Remote and Hybrid Teamwork Success: “Asynchronous” Communication is the Key
Addressing the “Always On” Fatigue of Remote and Hybrid Working with Asynchronous Communication
“I miss working in the office, at least I was able to clock-off and mind my own business at the end of the day. But this last year of remote working, there’s been no boundaries between work and private life when working from home. I feel always on and so tired.”
“But now that hybrid working is kicking in, I am scared that this always on way of working is here to stay. Even on days we go in office, there won’t be that good’ol feeling of clocking-off work anymore… Always on…”
While surveys show that employees generally welcome remote working, there are equally many who feel its challenges and stresses; namely time management, difficulty to switch off after work, and where hybrid working has been introduced, FOMO (fear of missing out among team members working remote against those back in-office). These all contribute to the “always on” stress of work, which is the feeling of helplessness that you don’t have control over your own clock.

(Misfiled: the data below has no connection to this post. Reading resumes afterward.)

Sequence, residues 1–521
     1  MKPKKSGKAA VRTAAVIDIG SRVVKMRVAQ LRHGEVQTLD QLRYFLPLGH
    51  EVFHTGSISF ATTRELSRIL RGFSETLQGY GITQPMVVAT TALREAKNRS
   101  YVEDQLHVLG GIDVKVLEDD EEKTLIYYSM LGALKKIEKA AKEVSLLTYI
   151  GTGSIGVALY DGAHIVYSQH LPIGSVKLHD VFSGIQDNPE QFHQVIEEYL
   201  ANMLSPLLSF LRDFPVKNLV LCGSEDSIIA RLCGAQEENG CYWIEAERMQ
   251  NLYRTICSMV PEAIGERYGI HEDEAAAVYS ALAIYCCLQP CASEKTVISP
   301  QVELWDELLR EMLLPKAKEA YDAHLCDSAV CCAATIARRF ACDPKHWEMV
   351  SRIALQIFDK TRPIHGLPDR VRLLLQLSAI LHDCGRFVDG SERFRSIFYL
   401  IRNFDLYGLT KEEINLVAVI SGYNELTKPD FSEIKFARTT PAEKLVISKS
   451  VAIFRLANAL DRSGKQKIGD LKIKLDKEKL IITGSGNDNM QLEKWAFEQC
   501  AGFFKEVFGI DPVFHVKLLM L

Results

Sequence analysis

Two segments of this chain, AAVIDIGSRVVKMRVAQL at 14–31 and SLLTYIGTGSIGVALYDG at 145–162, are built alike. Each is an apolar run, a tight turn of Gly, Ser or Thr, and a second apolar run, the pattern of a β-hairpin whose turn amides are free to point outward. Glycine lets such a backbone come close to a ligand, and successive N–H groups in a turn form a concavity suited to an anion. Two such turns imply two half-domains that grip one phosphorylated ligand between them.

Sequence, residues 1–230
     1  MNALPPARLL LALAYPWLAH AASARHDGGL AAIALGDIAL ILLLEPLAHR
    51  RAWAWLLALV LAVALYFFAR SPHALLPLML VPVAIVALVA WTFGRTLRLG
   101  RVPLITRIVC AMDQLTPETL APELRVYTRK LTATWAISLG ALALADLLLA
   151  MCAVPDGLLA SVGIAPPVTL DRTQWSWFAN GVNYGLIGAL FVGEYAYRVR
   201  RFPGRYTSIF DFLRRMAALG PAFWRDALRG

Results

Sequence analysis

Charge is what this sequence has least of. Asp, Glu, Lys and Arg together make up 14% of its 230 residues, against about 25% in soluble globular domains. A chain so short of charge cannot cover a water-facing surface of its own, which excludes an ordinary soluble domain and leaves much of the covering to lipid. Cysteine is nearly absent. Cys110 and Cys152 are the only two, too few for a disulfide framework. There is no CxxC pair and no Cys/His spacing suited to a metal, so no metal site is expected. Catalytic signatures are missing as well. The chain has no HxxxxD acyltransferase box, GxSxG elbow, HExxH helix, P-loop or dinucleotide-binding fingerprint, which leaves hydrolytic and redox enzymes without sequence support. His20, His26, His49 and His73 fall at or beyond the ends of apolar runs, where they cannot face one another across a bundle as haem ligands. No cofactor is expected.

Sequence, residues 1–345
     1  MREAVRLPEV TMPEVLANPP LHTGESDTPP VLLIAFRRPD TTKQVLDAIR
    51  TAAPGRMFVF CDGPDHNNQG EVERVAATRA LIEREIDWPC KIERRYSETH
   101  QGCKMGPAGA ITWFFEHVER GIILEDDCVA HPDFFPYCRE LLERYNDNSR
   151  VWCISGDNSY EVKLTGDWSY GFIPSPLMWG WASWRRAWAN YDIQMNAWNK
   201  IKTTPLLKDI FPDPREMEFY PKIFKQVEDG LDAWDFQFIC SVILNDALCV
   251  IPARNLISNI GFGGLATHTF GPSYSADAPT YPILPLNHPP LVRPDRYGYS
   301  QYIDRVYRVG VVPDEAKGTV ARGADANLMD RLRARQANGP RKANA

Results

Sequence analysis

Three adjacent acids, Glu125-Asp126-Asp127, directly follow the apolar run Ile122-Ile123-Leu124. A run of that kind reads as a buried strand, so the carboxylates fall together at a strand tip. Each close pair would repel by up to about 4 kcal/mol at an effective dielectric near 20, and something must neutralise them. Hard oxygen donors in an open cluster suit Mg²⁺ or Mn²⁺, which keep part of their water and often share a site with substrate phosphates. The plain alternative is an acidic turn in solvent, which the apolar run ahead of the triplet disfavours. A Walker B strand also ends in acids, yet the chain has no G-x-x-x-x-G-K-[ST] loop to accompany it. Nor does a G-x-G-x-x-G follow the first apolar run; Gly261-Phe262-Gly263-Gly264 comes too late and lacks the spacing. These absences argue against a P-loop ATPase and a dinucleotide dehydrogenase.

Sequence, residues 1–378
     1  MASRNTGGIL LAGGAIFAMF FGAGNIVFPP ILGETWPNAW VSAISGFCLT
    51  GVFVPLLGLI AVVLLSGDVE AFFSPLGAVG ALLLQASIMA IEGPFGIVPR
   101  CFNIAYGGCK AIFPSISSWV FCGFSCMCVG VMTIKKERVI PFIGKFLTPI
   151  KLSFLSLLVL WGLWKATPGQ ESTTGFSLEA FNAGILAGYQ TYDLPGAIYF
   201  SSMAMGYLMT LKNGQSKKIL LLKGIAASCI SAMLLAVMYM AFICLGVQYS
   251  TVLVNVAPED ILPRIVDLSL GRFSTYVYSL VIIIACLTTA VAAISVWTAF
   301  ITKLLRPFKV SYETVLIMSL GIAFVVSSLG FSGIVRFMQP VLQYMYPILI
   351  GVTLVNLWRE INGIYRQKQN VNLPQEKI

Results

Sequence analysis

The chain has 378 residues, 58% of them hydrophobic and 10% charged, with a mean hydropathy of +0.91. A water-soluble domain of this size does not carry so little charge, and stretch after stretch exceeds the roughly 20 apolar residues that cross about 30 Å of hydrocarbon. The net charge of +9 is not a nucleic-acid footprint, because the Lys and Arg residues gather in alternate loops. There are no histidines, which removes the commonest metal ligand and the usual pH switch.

It’s Time to Recognize that We Can’t Fully Replicate the In-Office Way of Working in Remote and Hybrid Working
One of the key reasons why the “always on” stress is prominent in today’s pandemic world is because most workplaces have been trying to operate remote and hybrid working simply as a replication or emulation of in-office working.
But this recreation attempt of in-office way of working in the remote and hybrid environment dysfunctions because of one fundamental differentiating factor: physical proximity.
Here’s an interesting survey we did in one of our workshops on hybrid and remote working.
In an in-office setting, if your boss wants to speak with you, they’ll just glance across the room and see if you’re available. And if you are, they’ll just approach you and start chatting. There’s a…